King: We do not clone other people's games
By Brendan Sinclair
Fri 24 Jan 2014 7:49pm GMT / 2:49pm EST / 11:49am PST
Candy Crush company denies accusations but removes game in question "for the avoidance of doubt"
King has removed the game Pac-Avoid from its website after a developer accused the Candy Crush Saga company of basing it off his own game, Scamperghost.
"King does not clone other peoples' games," the publisher said in a statement. "King believes that IP - both our own IP and that of others - is important and should be properly protected. Like any prudent company, we take all appropriate steps to protect our IP in a sensible and fair way. At the same time, we are respectful of the rights and IP of other developers. Before we launch any game, we do a thorough search of other games in the marketplace, as well as a review of trademark filings, to ensure that we are not infringing anyone else's IP. However, for the avoidance of doubt, in this case, this game - which was coded by a third-party developer 5 years ago - has been taken down."
The cloning accusation was just the latest in a series of IP controversies for King this week. First came news of the company's recently filed EU trademark on the word "candy," a trademark it was enforcing against the developer of Candy Casino Slots - Jewels Craze Connect: Big Blast Mania Land. The publisher said it would not be enforcing its trademark against all uses of the word, just those it felt were infringing on its rights or in danger of confusing players.
Shortly after that news broke, King challenged a trademark filing by developer Stoic for the name of its debut game, The Banner Saga. In its challenge filed with the US Patent and Trademark Office, King alleged that The Banner Saga was "confusingly and deceptively similar" to King's own use of Saga in its games. Following some outcry over that decision, King released a statement saying it was not trying to stop Stoic from using the Banner Saga name, but had to file a challenge or else it would have been easier for other companies to make illegitimate use of the word.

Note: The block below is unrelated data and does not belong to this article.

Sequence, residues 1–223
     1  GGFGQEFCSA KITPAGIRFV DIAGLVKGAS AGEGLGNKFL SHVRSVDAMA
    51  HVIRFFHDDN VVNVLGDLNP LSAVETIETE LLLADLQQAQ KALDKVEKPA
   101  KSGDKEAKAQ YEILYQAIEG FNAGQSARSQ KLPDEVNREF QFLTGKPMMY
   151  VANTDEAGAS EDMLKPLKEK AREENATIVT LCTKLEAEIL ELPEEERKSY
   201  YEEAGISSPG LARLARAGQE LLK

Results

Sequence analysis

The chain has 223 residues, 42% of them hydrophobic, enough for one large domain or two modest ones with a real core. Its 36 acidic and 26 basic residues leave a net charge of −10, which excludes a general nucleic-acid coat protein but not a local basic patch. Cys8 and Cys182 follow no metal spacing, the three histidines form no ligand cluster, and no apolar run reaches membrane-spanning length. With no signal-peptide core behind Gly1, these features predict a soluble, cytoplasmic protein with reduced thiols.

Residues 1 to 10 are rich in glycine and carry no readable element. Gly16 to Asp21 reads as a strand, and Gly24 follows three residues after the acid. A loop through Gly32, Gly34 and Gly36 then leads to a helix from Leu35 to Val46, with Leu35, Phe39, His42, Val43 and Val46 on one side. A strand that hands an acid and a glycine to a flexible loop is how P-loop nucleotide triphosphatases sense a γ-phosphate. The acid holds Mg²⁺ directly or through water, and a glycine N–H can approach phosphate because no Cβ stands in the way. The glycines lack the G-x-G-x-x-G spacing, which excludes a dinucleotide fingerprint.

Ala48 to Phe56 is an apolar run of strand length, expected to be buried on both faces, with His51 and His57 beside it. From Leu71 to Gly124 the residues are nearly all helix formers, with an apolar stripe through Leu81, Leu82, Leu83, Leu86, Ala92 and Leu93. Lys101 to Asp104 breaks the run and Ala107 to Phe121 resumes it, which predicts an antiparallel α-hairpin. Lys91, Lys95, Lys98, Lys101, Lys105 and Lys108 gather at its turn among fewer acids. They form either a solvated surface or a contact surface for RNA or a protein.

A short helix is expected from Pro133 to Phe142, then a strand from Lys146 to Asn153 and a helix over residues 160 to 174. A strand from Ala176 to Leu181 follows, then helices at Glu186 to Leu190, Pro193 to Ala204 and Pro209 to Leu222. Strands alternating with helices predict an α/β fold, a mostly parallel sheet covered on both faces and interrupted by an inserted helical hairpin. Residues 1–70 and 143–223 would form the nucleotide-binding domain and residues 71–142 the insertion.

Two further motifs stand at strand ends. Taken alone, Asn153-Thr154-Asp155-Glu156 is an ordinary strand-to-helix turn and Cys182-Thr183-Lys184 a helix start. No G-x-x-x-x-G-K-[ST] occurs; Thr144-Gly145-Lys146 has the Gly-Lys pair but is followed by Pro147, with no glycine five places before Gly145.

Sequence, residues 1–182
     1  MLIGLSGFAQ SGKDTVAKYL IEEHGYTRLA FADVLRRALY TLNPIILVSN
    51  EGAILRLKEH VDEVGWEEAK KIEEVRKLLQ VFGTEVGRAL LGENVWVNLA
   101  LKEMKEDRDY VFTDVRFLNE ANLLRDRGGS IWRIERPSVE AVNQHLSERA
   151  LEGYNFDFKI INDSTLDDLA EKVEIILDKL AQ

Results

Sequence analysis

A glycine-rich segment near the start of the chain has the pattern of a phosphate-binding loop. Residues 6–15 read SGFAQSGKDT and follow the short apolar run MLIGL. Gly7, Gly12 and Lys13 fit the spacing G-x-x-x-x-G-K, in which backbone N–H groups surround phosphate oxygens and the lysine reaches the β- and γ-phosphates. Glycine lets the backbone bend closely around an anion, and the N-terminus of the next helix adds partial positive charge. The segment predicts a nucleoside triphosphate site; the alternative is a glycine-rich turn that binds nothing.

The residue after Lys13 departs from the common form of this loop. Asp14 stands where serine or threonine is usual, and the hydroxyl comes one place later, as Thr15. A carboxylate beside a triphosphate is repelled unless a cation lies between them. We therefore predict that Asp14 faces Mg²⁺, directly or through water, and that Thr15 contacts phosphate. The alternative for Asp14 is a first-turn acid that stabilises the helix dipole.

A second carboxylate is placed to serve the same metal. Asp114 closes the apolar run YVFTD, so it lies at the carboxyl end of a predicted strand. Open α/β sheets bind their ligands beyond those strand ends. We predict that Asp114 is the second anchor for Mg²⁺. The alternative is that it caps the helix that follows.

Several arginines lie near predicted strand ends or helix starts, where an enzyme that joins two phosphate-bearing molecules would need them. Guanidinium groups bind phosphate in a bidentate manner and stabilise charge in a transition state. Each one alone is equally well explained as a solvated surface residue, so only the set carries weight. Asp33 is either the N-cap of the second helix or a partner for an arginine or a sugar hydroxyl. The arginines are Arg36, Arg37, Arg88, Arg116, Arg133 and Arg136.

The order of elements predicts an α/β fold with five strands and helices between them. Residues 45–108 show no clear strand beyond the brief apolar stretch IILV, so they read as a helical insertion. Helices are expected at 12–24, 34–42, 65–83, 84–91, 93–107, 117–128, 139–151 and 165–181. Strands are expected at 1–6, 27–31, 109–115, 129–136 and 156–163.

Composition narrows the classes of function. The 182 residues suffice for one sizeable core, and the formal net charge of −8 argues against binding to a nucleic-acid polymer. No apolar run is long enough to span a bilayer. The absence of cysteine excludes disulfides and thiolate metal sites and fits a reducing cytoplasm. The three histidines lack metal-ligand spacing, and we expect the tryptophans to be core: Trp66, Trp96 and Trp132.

"This is an important issue for King because we already have a series of games where 'Saga' is key to the brand which our players associate with a King game; Candy Crush Saga, Bubble Witch Saga, Pet Rescue Saga, Farm Heroes Saga and so on," a representative said. "All of these titles have already faced substantive trademark and copyright issues with clones."
So What is King's Contribution to the Games Industry, Anyway?
With King in the news over its ongoing trademark disputes, we take a look at its five most popular games so you don't have to.
By Pete Davison.
King's been in the news a lot recently, largely due to its attempts to claim ownership over the "Candy" trademark and, subsequently, accusations of cloning.
Prior to this, if you're not big into the world of free-to-play social and mobile games, you may have only had a passing familiarity with King through mentions of Candy Crush Saga -- or, indeed, the advertising for said game that's been plastered everywhere. And yet King is one of the biggest names in free-to-play social gaming right now -- Candy Crush Saga alone attracts over 150 million players every month as the top-ranked game on Facebook, and its other titles also ride high in the charts.
So who are King, why should we care about them, and exactly what have they given to the games industry as a whole? Well, before we get on to their top five games, it's important to at least acknowledge one thing: like their precursor Zynga, King has done a lot to make the concept of video games an accessible and desirable pastime for a much broader spectrum of people, including those who would never consider purchasing a piece of dedicated gaming hardware. King's games aren't "by gamers, for gamers" as the old cliché goes; they're by business people, for everyone -- and the sheer number of people playing each of their games seems to suggest that they're doing something "right," at least from a business perspective.
More importantly from our perspective, though, are their games actually any good? I played their five most popular titles (as ranked by metrics service AppData) so you don't have to. And... well, read on.